Leading up to the State of the Union, President Barack Obama criss-crossed the nation offering proposals on everything from free college, to cybersecurity and consumer privacy. But the president kept the details of these plans to a minimum during his address. Instead he used his pulpit to lay out a broader agenda, one that includes preserving Net Neutrality, combating global warming, promoting education and entrepreneurship.
While Obama stopped short of calling for broadband internet to be reclassified under Title II (which you can read more about here), he did pledge to "protect a free and open internet." It's a pledge that has Net Neutrality advocates like the Electronic Frontier Foundation (EFF) feeling "encouraged" and hopeful about the upcoming FCC vote. But the idea of protecting a free and open internet isn't just about keeping Time Warner from charging Netflix extra to keep videos coming to you stutter-free. For the president, it's also about small business and education. In particular he paid brief lip service to extending the reach of broadband to under-served communities and to the "next generation of digital innovators and entrepreneurs" who will rely on the internet to "[reshape] our world."
Of course the lead-up to the State of the Union also saw the president put a renewed focus on cybersecurity. While he offered no new proposals during the speech, he renewed his call for Congress to pass legislation designed to combat the "evolving threat of cyberattacks," identity theft and personal privacy. While the call to action made chairman and CEO of the MPAA Chris Dodd happy, saying that the president "made it clear ... that securing our nation's cyberspace for businesses, public networks and consumers is a top priority," others harbor concerns about the legislation. The EFF in particular has called past efforts, "deeply flawed" and is concerned that the current proposals are too similar to the derided (and derailed) CISPA bill.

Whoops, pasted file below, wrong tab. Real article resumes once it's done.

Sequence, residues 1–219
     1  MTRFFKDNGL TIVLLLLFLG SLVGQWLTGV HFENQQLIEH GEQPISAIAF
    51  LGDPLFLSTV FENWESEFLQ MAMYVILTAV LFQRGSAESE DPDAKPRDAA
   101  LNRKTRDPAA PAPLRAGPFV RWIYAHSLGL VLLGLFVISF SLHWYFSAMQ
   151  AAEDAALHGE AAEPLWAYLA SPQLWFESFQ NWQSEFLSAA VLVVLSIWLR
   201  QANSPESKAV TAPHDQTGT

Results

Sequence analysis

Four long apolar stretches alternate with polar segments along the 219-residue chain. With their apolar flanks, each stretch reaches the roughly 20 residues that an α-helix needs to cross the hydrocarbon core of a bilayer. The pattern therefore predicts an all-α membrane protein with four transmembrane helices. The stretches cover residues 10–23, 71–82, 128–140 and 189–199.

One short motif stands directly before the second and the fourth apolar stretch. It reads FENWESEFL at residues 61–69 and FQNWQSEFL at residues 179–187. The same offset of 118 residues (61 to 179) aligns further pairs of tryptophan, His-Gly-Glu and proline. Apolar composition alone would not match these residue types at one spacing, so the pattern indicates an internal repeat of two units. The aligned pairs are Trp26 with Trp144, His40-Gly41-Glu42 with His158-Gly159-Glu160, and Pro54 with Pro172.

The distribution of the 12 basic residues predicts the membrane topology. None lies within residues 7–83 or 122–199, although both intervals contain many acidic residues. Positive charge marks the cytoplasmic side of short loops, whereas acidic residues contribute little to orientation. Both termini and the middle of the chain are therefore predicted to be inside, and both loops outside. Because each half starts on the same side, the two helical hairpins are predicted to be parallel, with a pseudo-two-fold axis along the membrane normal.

Lastly, the president took the opportunity to take on climate change deniers. He specifically called out those who would dismiss climate change with the glib phrase, "I'm not a scientist." Obama rebuked them by saying, "I'm not a scientist, either. But you know what -- I know a lot of really good scientists at NASA, and NOAA, and at our major universities. The best scientists in the world are all telling us that our activities are changing the climate." His forceful declaration that climate change needs to be treated as an immediate threat comes only days after the NOAA released its most recent climate numbers, which show that average temperatures for the year and for December were significantly higher than the 20th century average.
All told, his proposals add up to an effort to put science and technology front and center. While the broader message was of course about securing American interests and improving the economy, it's clear the president sees a free and secure internet as an integral part of that. And of course he sees the issue of climate change as one of national security as well. In the end, the State of the Union was less about specific proposals, and more about laying out how all of these issues are interconnected.